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Senate Keeps COLI Provisions

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What will happen in the House, the industry wonders


Pension legislation passed by the Senate Nov. 16 contains a provision codifying into federal law certain “best practices” regarding the sale of corporate-owned life insurance, which is likely to dissipate the cloud hanging over the sale of this product for several years.

The pension bill was among a flurry of legislation the House and Senate dealt with late last week containing provisions sought by the insurance industry as Congress prepared to take a two-week break before returning to finish up for the year the week of Dec. 5.

But, like so much else Congress has done this year, there was a huge catch.

The pension bill, S. 1783, immediately won a veto threat from the Bush administration because it gives the airline industry 20 years to end the shortfalls in pension plans. And, the House still has not acted on the plan, and it is unclear when it will do so. The House version of the bill, passed by the Ways and Means Committee Nov. 9, does not contain the COLI provisions. Action on that bill is not expected until after the recess, if the House acts at all this year.

Besides the COLI provision, the Senate pension bill allows employers to provide “the safest available annuity” to employees in retirement plans, as well as automatic enrollment in 401(k)s.

The Senate bill also provides for the creation of a “DB(k),” which would be a new pension arrangement combining features of both traditional defined benefit plans and 401(k) defined contribution plans.

The COLI provision is strongly supported by the American Council of Life Insurers, the Association for Advanced Life Underwriting and the National Association of Insurance and Financial Advisors.

It would effectively limit COLI to coverage of highly compensated employees and require the consent of insured individuals.

COLI is used by employers both to protect against the financial cost of losing a “key” employee as well as providing coverage on a wider range of employees to help provide funds for the payment of employee and retiree benefits.

Frank Keating, ACLI president and CEO, said that if the House bill is passed this year, a conference is likely to accept the COLI provision, which the industry first won support for in the Senate Finance Committee in 2003. “COLI ‘best practices’ legislation enjoys strong support not only in the Senate but the critical House Ways and Means Committee, as well,” Keating said. “Thirty-one members of the panel support the measure–a strong majority of the panel.”

David Stertzer, AALU CEO, said, “We appreciate the actions of the U.S. Senate and the efforts of House supporters to try to ensure that this provision is enacted.”

He added that, “Codifying best practices will bring certainty that employers, employees and their families can continue to benefit from the business and job protection, and the retirement savings and employee benefits made possible by the responsible use of corporate-owned life insurance.”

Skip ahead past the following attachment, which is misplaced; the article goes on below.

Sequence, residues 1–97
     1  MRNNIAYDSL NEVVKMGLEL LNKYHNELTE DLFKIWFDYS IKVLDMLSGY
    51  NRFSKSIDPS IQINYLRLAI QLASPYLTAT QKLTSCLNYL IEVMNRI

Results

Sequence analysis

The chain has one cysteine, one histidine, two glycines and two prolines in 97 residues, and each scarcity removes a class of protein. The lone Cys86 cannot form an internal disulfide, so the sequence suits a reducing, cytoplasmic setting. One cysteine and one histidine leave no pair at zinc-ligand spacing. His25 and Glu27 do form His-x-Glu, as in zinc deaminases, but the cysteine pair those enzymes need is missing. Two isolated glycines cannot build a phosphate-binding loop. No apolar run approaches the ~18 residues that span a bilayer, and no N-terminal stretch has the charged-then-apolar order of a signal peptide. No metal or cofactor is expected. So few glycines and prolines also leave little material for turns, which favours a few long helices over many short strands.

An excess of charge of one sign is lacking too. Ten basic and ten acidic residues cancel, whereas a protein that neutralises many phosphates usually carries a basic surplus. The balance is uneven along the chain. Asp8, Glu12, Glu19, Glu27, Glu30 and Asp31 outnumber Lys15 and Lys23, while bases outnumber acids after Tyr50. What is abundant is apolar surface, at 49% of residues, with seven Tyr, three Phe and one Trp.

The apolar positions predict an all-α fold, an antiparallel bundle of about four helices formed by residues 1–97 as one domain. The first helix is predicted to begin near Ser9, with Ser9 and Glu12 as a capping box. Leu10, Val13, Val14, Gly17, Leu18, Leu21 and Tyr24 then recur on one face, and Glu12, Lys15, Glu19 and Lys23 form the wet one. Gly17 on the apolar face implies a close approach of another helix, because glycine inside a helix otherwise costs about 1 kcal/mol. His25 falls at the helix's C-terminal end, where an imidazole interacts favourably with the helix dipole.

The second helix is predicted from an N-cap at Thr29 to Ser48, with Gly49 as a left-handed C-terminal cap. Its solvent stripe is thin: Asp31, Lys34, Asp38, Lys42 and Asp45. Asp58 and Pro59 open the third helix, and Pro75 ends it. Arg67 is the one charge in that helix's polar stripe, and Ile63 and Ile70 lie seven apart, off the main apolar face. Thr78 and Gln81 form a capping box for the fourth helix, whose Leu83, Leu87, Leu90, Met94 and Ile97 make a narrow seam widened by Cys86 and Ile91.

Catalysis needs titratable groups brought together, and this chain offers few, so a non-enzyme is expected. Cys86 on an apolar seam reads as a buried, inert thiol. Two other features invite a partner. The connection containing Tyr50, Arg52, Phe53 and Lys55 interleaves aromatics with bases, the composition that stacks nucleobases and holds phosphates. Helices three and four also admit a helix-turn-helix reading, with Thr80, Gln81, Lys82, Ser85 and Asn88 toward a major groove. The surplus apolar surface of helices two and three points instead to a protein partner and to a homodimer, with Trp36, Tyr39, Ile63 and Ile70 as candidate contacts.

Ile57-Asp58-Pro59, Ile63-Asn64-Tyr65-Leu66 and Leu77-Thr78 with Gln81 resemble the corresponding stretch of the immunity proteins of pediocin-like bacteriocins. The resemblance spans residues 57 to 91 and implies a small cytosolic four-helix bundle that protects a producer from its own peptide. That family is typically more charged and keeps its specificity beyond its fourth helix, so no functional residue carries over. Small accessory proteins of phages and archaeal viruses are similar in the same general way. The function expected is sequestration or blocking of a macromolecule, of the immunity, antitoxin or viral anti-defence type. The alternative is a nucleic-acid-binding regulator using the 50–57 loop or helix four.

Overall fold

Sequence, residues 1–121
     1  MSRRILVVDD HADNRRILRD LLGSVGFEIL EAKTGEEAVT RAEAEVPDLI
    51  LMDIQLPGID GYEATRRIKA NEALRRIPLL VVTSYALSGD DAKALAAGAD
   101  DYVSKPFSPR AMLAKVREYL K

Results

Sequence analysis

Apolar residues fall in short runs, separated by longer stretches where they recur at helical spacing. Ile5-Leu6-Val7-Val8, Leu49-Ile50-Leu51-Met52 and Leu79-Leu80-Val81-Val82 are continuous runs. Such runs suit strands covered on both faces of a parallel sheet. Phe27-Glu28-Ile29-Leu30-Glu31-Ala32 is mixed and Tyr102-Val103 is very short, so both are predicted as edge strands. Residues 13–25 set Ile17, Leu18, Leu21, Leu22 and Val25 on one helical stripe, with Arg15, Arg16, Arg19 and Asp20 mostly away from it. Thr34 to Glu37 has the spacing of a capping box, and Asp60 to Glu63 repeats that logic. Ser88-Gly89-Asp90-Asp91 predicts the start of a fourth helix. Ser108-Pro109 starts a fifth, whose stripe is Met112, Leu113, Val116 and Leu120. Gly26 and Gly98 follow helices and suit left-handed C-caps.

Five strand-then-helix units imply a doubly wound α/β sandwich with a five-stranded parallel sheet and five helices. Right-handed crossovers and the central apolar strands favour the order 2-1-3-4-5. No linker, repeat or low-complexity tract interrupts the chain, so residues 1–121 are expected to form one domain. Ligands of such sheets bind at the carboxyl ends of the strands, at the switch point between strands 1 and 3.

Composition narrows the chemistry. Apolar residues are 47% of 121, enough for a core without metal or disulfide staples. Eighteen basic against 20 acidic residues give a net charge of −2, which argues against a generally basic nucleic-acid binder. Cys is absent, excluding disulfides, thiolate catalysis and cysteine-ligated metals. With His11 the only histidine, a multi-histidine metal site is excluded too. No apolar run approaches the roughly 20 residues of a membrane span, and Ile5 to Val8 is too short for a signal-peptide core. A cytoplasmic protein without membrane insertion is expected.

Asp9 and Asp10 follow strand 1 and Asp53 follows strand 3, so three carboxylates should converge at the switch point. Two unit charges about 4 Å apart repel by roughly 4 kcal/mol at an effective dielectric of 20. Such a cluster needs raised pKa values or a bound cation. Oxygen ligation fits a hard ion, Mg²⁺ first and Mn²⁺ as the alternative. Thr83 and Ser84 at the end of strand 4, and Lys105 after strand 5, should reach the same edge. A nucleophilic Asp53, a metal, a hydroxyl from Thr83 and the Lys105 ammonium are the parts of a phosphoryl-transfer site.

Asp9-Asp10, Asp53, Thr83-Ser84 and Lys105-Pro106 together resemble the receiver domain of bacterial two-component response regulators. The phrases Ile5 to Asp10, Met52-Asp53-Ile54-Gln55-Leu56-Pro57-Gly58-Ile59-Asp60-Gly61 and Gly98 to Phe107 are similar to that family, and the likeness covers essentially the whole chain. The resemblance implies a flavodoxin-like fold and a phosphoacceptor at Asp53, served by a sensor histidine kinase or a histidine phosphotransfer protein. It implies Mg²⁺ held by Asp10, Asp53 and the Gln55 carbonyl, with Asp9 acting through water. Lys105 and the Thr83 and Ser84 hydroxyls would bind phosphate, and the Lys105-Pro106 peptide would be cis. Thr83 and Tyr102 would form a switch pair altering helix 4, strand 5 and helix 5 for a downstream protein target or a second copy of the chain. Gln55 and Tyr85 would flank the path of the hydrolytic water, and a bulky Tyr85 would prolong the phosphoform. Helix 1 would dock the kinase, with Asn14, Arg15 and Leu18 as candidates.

David F. Woods, CEO of NAIFA, said, “An employer that can rely on a steady stream of future income, which COLI provides, can plan for the future. It enables the employer to recruit and retain a highly qualified work force and meet tomorrow’s benefit costs. The legislation provides the confidence businesses need today to offer benefits for tomorrow. We’re looking forward to its enactment.”

Regarding the language in the pension reform bill, the American Benefits Council, which lobbies for employers, voiced concern with several provisions.

However, unlike the White House, the ABC said the bill is too tough on employers.

The ABC cited provisions with which it has problems. These include the interest rates used for calculating pension obligations and valuing assets, which ABC officials said “introduce too much unpredictability and cost volatility into pension funding.”

The one-year period over which both assets and liabilities would be averaged “is completely inappropriate for a long-term obligation such as a pension plan,” ABC said. “It will make it extremely difficult for companies to make business plans and force them to hold in reserve excess assets that may be needed to fund the plan.”

As an alternative, the ABC urged three-year averaging, which is a substantially shorter period than current law and which is contained in the House version of the bill.

The Senate bill also imposes additional liabilities on companies with less than investment grade credit ratings–even if their pension plans are well-funded and pose little if any risk to the Pension Benefit Guaranty Corporation, the ABC officials said.

“Third, whatever rules Congress adopts, companies must have sufficient time to adjust to the new standards,” ABC argued.

The COLI Details

==Limits coverage to directors and “highly compensated employees,” who are defined as individuals earning at least $90,000 annually or in the top 35% by compensation.

==Requires employers to obtain the informed consent of any employee before enrolling him or her in a COLI plan.

==Requires employers to report information about their COLI plans to the Internal Revenue Service.


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